It is normal to feel anxious or worried from time to time especially about something new or out of the ordinary.
However, when your anxious feelings have become habitual this can cripple your everyday life.

Thoughts can influence emotions and vice versa.
This means that your beliefs and negative thoughts can make you feel more anxious about a difficult situation. The more you focus on what can go wrong the more anxious you will become.

We all have core beliefs and these beliefs are often responsible for our responses to certain situation in our lives.
If you have a strong belief that the ‘world is a dangerous place’ you may look everywhere to prove this.
You will keep attracting events to your life in order to strengthen this core belief.
The more your beliefs become generalised the higher your anxiety level can rise causing you to feel stressed and other discomforts.
You may end up not wanting to leave your house based on your belief that ‘strangers aren’t safe’ or ‘people are judging me’.

In other words if you overestimate the danger and continually predict disaster your anxiety will increase dramatically.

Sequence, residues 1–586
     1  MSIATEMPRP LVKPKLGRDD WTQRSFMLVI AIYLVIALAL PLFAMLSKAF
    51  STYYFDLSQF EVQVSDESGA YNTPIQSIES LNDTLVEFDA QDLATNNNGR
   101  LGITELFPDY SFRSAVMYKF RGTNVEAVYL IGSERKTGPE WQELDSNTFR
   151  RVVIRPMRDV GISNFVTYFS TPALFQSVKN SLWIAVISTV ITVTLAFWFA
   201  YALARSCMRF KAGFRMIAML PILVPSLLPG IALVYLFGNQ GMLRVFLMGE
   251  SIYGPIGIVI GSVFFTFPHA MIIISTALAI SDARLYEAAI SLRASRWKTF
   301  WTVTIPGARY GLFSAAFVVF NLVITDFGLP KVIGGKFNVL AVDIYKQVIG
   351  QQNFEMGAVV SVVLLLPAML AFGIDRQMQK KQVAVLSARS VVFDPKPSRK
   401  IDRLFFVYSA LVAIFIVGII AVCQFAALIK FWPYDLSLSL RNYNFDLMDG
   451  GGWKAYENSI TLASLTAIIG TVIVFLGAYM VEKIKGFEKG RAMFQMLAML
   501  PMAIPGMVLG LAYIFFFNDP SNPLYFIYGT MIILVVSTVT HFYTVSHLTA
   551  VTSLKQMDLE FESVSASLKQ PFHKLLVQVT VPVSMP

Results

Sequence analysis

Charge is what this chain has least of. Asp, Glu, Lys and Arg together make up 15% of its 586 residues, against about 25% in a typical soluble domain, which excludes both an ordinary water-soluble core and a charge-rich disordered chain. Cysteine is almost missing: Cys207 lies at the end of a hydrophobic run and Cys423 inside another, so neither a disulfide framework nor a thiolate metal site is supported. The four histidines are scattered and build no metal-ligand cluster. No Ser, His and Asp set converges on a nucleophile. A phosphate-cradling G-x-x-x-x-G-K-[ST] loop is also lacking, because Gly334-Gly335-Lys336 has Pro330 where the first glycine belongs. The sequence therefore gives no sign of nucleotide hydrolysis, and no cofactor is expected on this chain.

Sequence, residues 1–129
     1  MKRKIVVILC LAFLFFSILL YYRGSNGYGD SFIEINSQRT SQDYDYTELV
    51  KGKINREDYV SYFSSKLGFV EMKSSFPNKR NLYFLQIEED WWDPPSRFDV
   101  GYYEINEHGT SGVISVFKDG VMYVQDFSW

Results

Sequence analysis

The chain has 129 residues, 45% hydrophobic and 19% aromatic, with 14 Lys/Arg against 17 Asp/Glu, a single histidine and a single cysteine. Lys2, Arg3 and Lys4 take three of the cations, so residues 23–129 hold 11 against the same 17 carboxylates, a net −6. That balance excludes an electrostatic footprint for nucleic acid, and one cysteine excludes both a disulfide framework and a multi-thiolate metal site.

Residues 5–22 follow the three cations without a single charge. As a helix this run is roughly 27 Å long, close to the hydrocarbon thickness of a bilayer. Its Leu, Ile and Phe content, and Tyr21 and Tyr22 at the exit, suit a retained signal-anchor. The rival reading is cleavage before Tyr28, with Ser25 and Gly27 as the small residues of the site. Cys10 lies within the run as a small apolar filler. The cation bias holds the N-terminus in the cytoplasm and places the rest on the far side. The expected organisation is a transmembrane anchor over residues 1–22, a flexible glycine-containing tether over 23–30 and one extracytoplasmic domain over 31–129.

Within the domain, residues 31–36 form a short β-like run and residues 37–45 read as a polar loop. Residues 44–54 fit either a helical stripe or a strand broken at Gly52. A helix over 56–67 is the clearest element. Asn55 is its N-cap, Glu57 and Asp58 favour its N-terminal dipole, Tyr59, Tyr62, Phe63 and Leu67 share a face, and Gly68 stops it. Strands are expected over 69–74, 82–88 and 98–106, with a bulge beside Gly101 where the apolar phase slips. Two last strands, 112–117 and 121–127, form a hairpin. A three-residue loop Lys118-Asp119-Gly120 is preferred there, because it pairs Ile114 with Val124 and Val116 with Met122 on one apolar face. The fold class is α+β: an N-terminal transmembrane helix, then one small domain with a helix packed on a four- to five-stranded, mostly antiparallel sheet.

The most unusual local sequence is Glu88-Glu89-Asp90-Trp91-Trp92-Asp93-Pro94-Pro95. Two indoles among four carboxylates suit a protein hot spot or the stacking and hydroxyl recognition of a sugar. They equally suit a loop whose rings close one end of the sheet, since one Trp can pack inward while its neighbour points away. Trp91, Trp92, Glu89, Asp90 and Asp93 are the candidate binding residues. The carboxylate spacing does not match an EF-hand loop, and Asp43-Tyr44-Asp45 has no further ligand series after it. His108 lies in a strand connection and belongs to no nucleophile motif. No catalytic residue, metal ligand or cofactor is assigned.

Your negative thoughts or unrealistic self-statements will keep you in a constant state of alarm.
Your body tenses in the fight-or-flight reaction: you may experience stomach cramps or your heart beats faster or you feel short of breath the list goes on.
When you are on the edge all the time expecting something catastrophic to happen to you this will put your body under a great deal of stress.
This vicious circle can go on until you begin to fear fear itself.
This can lead to panic attacks - what you try to avoid at all costs.
By now you not only fear your ‘original fears’ but also dread the symptoms that fear causes in your body.
When you are experiencing the physical symptoms of your fears
such as pounding heart, lump in the throat, shortness of breath, the trembling legs, the dizziness or other discomforts you try everything to stop happening to your body.
Consequently you may end up avoiding any situation, person, or thing that reminds you of the feelings of your anxiety.

If this description sounds familiar to you and you think that you are suffering from an anxiety disorder the good news is that there is help for you.

With hypnotherapy, working with your subconscious mind can find the cause behind your anxiety.
The subconscious mind stores all of your memories, emotions and learned habits. In hypnosis (deep relaxation) you can access your subconscious mind and bring to your conscious mind all the information you need.
This can empower you and give you a new understanding of an issue thus helping you to resolve a problem.
In hypnosis, through positive suggestion and visualization you can also learn to have control over the physical symptoms of your anxiety.
You can learn how to slow your breathing and your heart rate.

Breathing fully and deeply when you are experiencing a panic attack will reduce the physical symptoms of an attack immediately.

Read more about anxiety

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